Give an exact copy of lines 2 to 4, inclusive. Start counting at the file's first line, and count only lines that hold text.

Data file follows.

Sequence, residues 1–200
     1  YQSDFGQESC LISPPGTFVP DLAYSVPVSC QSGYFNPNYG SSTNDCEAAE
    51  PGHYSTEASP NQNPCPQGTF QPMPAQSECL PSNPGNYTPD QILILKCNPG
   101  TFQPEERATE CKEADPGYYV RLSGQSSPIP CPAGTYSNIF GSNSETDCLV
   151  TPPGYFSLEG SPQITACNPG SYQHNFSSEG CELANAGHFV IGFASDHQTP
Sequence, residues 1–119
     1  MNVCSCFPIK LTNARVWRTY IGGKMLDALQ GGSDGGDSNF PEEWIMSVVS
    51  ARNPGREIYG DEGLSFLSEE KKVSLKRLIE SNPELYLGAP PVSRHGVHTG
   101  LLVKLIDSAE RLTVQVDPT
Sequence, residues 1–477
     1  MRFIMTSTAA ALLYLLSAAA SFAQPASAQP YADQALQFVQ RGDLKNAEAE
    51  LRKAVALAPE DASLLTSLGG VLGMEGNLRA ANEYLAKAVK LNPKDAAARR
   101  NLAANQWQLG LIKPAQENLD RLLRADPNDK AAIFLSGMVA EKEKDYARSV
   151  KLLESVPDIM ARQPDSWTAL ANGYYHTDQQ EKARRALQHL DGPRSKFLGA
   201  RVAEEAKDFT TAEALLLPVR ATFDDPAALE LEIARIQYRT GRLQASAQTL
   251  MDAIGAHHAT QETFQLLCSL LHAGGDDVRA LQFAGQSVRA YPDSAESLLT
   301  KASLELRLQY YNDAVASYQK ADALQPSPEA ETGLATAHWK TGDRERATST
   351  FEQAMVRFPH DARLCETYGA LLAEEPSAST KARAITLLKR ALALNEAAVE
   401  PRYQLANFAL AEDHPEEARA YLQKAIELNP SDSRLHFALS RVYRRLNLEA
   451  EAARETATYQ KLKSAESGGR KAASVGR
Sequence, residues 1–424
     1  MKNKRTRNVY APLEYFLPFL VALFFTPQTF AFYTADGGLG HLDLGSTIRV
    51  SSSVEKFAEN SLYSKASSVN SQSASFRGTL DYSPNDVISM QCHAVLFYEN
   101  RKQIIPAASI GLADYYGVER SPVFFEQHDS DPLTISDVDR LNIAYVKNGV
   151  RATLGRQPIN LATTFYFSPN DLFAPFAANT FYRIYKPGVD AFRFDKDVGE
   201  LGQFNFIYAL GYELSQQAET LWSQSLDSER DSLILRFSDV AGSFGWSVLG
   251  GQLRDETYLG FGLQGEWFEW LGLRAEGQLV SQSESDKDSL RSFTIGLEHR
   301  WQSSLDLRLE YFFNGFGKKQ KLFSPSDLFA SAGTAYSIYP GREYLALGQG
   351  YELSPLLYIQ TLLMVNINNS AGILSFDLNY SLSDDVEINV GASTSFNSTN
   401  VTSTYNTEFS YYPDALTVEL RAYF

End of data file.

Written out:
     1  YQSDFGQESC LISPPGTFVP DLAYSVPVSC QSGYFNPNYG SSTNDCEAAE
    51  PGHYSTEASP NQNPCPQGTF QPMPAQSECL PSNPGNYTPD QILILKCNPG
   101  TFQPEERATE CKEADPGYYV RLSGQSSPIP CPAGTYSNIF GSNSETDCLV